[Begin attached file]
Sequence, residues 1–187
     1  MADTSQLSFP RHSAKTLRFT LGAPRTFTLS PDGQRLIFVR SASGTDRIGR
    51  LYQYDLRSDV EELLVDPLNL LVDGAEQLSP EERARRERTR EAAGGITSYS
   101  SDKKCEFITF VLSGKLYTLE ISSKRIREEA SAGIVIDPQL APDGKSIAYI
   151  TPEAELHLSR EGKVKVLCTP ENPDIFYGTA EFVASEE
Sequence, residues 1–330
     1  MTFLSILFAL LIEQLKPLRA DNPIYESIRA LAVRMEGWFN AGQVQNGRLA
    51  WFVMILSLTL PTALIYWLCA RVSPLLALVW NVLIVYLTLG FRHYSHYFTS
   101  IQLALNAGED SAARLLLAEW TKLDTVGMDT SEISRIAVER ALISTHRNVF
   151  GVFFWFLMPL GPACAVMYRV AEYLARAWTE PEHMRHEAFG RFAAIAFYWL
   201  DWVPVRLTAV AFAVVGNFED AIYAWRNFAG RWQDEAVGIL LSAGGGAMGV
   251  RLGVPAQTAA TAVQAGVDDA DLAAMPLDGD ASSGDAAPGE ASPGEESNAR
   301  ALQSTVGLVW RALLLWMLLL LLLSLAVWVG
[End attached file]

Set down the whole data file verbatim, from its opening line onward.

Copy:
Sequence, residues 1–187
     1  MADTSQLSFP RHSAKTLRFT LGAPRTFTLS PDGQRLIFVR SASGTDRIGR
    51  LYQYDLRSDV EELLVDPLNL LVDGAEQLSP EERARRERTR EAAGGITSYS
   101  SDKKCEFITF VLSGKLYTLE ISSKRIREEA SAGIVIDPQL APDGKSIAYI
   151  TPEAELHLSR EGKVKVLCTP ENPDIFYGTA EFVASEE
Sequence, residues 1–330
     1  MTFLSILFAL LIEQLKPLRA DNPIYESIRA LAVRMEGWFN AGQVQNGRLA
    51  WFVMILSLTL PTALIYWLCA RVSPLLALVW NVLIVYLTLG FRHYSHYFTS
   101  IQLALNAGED SAARLLLAEW TKLDTVGMDT SEISRIAVER ALISTHRNVF
   151  GVFFWFLMPL GPACAVMYRV AEYLARAWTE PEHMRHEAFG RFAAIAFYWL
   201  DWVPVRLTAV AFAVVGNFED AIYAWRNFAG RWQDEAVGIL LSAGGGAMGV
   251  RLGVPAQTAA TAVQAGVDDA DLAAMPLDGD ASSGDAAPGE ASPGEESNAR
   301  ALQSTVGLVW RALLLWMLLL LLLSLAVWVG